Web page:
4. Politeness: A Strategy or the Beginning of Virtue
This article draws greatly on the work of the French philosopher, Andrea Comte-Sponville. Virtue, which is not something that is naturally inherent in us, has to start somewhere, and the practice of politeness is an excellent starting point. On the other hand, many others may see politeness as a social strategy without any reference to the development of virtue.
5. Profile of an Orator: John F. Kennedy
This article is written in a case format and emphasises Kennedy’s poor performance at public speaking at the beginning of his political career, and how he developed this skill through hard work and the acceptance feedback from his father and others on an almost daily basis. Kennedy developed a visionary style which was so unlike the style of his predecessor in the White House or the forensic style of his opponent for the presidency.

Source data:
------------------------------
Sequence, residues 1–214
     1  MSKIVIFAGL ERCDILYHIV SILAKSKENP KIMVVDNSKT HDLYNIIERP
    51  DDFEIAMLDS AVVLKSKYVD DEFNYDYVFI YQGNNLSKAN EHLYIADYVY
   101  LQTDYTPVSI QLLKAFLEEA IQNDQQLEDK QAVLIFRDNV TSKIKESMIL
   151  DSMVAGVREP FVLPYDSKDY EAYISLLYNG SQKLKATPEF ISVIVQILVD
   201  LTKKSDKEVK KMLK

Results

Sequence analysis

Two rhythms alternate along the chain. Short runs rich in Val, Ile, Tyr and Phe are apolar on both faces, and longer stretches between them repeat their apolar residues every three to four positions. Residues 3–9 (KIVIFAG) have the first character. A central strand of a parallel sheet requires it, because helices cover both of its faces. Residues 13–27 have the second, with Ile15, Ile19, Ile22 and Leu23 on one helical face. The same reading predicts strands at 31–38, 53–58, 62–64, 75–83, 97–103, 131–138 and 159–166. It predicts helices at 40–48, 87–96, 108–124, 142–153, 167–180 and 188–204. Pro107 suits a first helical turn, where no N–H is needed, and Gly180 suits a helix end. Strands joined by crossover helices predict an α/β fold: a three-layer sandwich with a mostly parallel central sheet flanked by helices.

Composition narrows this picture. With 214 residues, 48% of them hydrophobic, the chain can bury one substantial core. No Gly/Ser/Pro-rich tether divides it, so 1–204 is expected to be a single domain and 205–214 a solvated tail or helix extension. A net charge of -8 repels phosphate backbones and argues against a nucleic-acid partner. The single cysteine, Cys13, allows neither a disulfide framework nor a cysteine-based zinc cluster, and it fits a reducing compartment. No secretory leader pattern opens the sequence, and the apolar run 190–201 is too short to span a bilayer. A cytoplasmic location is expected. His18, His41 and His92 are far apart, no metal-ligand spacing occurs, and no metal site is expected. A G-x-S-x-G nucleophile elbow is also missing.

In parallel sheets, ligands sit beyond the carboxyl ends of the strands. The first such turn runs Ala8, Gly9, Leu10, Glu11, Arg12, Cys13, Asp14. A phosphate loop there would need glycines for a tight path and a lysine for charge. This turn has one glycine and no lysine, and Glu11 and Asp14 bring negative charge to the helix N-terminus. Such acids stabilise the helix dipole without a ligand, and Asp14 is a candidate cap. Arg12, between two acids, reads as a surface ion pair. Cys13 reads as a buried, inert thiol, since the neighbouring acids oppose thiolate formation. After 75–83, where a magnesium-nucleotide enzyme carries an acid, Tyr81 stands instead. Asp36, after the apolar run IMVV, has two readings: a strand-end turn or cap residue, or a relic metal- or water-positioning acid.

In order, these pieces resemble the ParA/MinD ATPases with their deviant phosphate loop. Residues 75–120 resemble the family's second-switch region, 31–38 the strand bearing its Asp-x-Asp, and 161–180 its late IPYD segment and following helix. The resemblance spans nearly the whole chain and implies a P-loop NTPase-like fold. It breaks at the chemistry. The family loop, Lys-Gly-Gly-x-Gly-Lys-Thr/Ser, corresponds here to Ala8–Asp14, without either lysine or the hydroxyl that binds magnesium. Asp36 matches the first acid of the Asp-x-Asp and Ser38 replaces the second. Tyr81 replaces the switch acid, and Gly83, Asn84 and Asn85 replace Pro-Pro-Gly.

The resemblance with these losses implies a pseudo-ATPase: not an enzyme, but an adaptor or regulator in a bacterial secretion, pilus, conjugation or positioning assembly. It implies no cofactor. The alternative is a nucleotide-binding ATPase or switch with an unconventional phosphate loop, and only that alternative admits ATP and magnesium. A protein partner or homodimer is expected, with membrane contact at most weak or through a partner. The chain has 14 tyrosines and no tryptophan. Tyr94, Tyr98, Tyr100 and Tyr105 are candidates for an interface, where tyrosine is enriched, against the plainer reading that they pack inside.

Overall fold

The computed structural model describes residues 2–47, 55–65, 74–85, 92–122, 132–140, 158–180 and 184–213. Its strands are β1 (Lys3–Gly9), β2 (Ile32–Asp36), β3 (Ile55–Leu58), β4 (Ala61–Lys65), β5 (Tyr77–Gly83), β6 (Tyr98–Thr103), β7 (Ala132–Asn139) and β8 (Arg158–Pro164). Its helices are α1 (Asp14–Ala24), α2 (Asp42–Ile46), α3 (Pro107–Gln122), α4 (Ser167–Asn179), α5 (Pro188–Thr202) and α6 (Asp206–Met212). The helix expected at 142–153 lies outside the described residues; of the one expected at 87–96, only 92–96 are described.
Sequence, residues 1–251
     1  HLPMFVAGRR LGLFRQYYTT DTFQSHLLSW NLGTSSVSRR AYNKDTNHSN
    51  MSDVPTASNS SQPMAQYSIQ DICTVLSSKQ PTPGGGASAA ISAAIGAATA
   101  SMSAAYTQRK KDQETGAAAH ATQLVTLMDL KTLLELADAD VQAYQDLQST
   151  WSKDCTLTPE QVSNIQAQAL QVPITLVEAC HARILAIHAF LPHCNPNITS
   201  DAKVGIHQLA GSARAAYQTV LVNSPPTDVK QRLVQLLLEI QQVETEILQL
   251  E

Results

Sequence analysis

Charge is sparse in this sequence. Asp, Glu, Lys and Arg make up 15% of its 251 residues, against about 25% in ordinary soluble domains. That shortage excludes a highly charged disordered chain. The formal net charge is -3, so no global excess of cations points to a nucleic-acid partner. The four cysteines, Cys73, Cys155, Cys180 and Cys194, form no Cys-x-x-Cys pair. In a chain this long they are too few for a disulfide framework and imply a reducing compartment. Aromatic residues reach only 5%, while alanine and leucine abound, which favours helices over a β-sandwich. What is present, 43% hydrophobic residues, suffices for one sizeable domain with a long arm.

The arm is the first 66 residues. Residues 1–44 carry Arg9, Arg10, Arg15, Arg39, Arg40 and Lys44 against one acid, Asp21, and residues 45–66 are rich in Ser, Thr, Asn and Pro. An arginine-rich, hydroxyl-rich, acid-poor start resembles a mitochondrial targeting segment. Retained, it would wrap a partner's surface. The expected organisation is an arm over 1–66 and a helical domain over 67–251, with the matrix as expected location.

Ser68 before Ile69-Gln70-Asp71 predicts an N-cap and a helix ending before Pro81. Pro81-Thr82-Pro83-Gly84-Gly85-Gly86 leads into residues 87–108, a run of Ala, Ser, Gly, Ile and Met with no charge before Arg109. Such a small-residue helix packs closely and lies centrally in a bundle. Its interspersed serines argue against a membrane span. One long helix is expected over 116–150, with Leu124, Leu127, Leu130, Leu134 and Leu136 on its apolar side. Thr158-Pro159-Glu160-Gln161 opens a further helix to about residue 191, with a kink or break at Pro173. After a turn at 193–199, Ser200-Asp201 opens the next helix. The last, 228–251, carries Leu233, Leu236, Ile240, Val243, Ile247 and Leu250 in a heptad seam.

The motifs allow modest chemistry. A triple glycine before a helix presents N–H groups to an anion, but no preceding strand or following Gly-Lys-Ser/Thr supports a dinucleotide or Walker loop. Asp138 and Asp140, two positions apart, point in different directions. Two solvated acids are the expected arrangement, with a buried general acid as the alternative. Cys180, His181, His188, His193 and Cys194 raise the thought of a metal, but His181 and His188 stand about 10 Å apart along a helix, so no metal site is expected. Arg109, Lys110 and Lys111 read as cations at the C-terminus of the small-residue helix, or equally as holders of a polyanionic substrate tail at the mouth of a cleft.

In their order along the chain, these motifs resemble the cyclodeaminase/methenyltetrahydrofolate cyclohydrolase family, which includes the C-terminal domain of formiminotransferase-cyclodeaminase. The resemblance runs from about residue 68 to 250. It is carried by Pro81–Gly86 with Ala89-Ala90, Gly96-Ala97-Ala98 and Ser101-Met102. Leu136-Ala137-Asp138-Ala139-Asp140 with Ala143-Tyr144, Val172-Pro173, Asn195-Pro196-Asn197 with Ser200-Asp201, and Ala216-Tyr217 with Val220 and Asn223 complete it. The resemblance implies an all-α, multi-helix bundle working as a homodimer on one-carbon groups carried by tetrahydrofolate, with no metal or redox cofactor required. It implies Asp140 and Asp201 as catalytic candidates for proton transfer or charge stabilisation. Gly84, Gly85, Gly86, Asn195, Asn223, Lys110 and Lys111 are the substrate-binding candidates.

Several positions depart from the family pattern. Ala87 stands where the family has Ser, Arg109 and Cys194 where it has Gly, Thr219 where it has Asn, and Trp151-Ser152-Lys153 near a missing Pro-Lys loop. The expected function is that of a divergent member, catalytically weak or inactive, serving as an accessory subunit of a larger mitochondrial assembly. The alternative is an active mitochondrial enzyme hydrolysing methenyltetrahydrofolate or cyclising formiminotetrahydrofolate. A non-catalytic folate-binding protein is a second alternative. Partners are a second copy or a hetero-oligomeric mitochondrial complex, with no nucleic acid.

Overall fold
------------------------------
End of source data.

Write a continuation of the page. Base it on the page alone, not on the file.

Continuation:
6. Profile of the Great Persuader: Ronald Reagan
Reagan emerged from a storytelling background. Ronald Reagan’s father had been a great storyteller and his son inherited his talent. His attractive baritone voice and manner of speaking all found their beginnings in Reagan’s youth as a storyteller. Although he wasn’t a great actor, he did act in some 55 films, and as a result learnt many non-verbal skills. His political awareness started young in his family, but later took on greater proportions when he became president of the actor’s guild.
7. Profile of a Forensic Speaker: Margaret Thatcher